The first local branch of the West Virginia Socialist Party was established in Wheeling in 1901. With the assistance of Socialist organizers from Pennsylvania and Kentucky, the West Virginia movement spread by 1908 to Huntington, Parkersburg, Clarksburg, Charleston, and a number of smaller communities throughout the state.
By 1914, several thousand West Virginians were dues-paying members of the party’s 86 local branches. As early as 1910, local Socialists began to elect candidates to office, and in 1912 more than 15,000 West Virginia voters cast their ballots for Socialist Eugene Debs for president. By 1914, West Virginians had elected Socialist Party candidates to more than 40 local offices, including virtually the entire administrations of such widely scattered communities as Miami, Eskdale, Adamston, Cameron, and Hendricks. Star City, near Morgantown, would ultimately have the longest-lived Socialist municipal government in the United States. In addition, Socialists controlled Cabin Creek, Paint Creek, and Washington districts in the Kanawha County coalfields and the Falls Magisterial District of Fayette County.
To a great extent, the progress that the West Virginia Socialists achieved on the electoral front was a reflection of the party’s strategy of increasing class consciousness by working with existing unions to build the power of the labor movement. The party appealed to a fairly broad cross section of wage earners. There were important concentrations among skilled craftsmen in the pottery, window glass, machine tools, cigar making, and building construction trades. Socialists from these crafts and others held leadership positions in their own unions and in a number of the state’s central labor bodies. Party members had special influence in the Ohio Valley Trades and Labor Assembly, the Huntington Trades and Labor Assembly, and most important of all, the West Virginia State Federation of Labor. Socialists were especially popular with coal miners and were able by 1916 to control both District 29 and District 17 of the United Mine Workers in West Virginia.
The steady growth of West Virginia’s Socialist Party also owed much to the fact that many members of the middle class were attracted to the cause. These included physicians and dentists such as Albert Bosworth of Elkins, Edgar Smith of Martinsburg, George Kline of Wheeling, and Matthew Holt of Weston, who was the party’s candidate for governor in 1920. Another contingent of middle-class professionals was made up of lawyers, including George H. Duthie of Wheeling, Altha Warman of Morgantown, Samuel Webb of St. Albans, and H. O. Davis and Harold Houston of Parkersburg. In addition, practically every major urban Socialist local branch had several businessmen who were active in the party’s work, the most well known being Edward H. Kintzer, a Clarksburg real estate broker; William Blenko, the founder of Blenko Glass; Charles Boswell, a furniture dealer in Charleston; and William McMechen, a textile manufacturer and store owner whose family founded the Northern Panhandle community that bears his name. These businessmen and professionals helped to establish the local halls, libraries, cooperative stores, and newspapers that were spreading throughout the state. Many of them served on the party’s state executive committee.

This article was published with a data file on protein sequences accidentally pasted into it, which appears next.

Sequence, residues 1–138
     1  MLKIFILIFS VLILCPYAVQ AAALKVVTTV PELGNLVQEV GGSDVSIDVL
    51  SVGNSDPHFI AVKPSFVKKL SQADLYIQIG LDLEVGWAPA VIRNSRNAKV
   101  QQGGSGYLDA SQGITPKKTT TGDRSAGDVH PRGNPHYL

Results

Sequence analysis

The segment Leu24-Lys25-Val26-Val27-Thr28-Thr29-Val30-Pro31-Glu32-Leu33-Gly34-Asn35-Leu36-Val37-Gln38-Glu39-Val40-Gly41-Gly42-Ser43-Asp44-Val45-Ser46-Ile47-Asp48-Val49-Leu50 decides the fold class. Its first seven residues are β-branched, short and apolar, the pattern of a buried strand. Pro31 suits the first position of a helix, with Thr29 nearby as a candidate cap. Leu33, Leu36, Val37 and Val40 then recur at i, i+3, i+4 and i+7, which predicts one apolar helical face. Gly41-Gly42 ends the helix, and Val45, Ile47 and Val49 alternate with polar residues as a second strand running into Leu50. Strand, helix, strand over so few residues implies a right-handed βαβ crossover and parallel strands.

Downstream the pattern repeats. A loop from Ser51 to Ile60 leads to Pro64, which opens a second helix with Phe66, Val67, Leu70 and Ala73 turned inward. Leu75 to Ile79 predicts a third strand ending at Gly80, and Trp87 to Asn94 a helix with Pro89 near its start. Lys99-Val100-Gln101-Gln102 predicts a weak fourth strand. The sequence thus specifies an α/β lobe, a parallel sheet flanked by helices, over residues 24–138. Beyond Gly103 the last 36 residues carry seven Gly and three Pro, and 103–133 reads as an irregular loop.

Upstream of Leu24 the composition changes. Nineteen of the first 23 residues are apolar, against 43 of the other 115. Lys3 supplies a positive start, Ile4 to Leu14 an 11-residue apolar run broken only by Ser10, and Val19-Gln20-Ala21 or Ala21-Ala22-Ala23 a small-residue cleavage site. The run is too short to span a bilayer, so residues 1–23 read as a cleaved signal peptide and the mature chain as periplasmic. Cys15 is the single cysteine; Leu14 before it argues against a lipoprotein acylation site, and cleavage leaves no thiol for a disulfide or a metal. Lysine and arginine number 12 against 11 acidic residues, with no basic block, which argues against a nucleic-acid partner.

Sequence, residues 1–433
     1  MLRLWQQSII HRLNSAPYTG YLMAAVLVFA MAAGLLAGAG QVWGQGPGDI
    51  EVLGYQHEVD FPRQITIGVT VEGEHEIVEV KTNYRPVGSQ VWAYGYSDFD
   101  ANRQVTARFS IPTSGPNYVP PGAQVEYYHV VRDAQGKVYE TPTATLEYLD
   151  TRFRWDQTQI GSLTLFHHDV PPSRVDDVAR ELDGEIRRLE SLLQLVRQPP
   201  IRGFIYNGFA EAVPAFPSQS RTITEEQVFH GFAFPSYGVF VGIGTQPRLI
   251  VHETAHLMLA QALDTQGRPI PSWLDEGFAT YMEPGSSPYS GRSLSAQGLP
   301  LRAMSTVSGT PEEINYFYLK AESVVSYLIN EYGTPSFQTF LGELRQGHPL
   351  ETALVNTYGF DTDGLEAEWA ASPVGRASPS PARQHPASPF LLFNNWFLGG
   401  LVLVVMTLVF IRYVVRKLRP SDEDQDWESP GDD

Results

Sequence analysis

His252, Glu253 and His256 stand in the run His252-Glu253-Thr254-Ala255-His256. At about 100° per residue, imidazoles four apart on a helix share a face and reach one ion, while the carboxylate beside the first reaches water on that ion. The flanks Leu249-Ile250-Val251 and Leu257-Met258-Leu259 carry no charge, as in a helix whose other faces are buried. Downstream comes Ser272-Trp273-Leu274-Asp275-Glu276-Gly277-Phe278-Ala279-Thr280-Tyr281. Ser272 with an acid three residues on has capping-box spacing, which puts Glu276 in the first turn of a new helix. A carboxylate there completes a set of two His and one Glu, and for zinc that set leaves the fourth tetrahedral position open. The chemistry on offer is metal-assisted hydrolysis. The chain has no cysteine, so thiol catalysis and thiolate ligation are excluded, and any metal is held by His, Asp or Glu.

Despite the progress made through 1914, the West Virginia Socialist Party experienced a precipitous fall in voting strength in 1916. Several factors combined to send the party into a rapid decline. First of all, the state legislature passed a primary law in 1915 that made it more difficult for third parties to get on the ballot. This law and the confusion it generated helped to radicalize some Socialists and drive them from the party and toward more militant action. The idea had been growing in state and national Socialist circles that militant trade unionism and direct action, not political activity, were the key to achieving a more equitable and humane society in America. These so-called ‘‘Red’’ Socialists were also encouraged by their participation in the bitter class warfare of the 1912–13 Paint Creek-Cabin Creek Strike.
Thus, the West Virginia Socialist Party was weakening just at the time it would face such divisive issues as America’s participation in World War I and the Russian Revolution. Not until the onset of the Great Depression would the party experience a revitalization; but by then the New Deal Democrats had stolen too much of the Socialists’ thunder and many of the party’s issues.
This Article was written by Fred A. Barkey
Last Revised on October 29, 2010
Cresswell, Stephen. When the Socialists Ran Star City. West Virginia History, 1993.
Barkey, Frederick A. "The Socialist Party in West Virginia from 1898 to 1920: A Study in Working Class Radicalism." Ph.D. diss; unpub, University of Pittsburgh, 1971.